CITRUS COUNTY, Fla.-- The Florida Forest Service and the Fish and Wildlife Conservation Commission is successfully growing the population of the endangered Red-Cockaded Woodpecker after a baby was born in Citrus County.
- The endangered Red-Cockaded Woodpecker population is growing
- Breeding program has proven to be a success
- A strong Woodpecker population helps the forest and other species.
Twenty years ago they created a program where woodpeckers are brought from other areas and put into pairs for breeding. They now say that they have almost reached their population goal for Hernando and Citrus County.
"We managed to make the population in Croom go from two breeding pairs to 37 breeding pairs and Citrus to go from about 37 to we're starting to approach 100 now," Vincent Morris with the Withlacoochee Forestry Center said.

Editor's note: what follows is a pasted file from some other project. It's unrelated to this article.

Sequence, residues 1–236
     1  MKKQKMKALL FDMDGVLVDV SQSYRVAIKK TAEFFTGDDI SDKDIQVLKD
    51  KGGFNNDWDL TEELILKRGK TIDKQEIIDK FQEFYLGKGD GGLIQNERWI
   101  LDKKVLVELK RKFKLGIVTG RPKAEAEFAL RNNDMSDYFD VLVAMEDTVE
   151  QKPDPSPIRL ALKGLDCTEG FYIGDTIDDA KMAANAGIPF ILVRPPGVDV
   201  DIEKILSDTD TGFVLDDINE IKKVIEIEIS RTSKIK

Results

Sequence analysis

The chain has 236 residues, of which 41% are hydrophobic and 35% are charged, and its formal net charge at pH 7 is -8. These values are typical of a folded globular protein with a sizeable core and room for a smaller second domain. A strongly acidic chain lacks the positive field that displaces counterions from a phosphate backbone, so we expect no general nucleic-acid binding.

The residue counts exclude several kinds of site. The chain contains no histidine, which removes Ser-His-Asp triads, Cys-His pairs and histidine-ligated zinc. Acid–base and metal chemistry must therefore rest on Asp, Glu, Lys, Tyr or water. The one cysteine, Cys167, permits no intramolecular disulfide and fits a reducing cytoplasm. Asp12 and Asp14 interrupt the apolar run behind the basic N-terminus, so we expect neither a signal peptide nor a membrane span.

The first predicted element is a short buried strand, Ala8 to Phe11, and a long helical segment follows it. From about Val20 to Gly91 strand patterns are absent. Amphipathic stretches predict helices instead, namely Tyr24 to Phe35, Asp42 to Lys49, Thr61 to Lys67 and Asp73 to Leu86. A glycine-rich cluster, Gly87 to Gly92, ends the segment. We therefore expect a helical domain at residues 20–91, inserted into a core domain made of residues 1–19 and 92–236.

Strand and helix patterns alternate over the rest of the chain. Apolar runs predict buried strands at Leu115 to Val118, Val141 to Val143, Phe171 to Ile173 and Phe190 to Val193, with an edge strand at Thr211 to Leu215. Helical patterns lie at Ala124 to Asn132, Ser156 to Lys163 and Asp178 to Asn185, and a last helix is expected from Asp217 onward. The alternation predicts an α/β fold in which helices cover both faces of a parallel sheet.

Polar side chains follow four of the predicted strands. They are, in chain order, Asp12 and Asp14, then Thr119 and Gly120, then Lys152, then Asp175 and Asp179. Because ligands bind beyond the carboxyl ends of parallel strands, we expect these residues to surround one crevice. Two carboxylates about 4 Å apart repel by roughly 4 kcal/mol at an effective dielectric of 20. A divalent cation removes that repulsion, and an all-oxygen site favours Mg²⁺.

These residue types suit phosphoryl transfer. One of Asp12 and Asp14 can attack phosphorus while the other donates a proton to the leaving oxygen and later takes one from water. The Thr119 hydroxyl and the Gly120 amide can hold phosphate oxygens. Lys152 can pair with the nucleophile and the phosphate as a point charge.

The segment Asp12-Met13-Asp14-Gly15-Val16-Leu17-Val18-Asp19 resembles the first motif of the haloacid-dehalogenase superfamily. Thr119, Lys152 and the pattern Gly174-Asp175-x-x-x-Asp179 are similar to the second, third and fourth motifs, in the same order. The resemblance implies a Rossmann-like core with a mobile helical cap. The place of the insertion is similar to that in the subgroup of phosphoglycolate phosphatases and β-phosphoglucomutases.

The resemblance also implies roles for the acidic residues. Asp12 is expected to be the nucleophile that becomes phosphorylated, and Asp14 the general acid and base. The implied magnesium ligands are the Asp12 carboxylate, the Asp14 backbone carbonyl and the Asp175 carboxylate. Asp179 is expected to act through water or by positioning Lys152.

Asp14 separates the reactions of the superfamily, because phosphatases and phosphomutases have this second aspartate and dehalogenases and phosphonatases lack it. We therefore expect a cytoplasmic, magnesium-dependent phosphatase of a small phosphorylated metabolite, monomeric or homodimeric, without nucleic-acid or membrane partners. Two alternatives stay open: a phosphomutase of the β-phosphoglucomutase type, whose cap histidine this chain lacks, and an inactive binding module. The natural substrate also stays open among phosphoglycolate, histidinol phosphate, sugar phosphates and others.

The Florida Forest Service also made nests that they put inside the trees, which experts say helps numbers grow quickly since it takes the woodpeckers a long time to build them on their own.
Now, they're sending some of the birds here to other agencies to help grow populations throughout the state.
"The Red-Cockaded Woodpecker is closely tied to Long Leaf Pine ecosystems so having them on the landscape is an indicator of good pine management," Florida Fish and Wildlife Conservation Commission Biologist Jon Hoch said.
Experts also say managing the forests for the woodpeckers also helps other species like the gopher tortoises and Sherman's Fox Squirrels.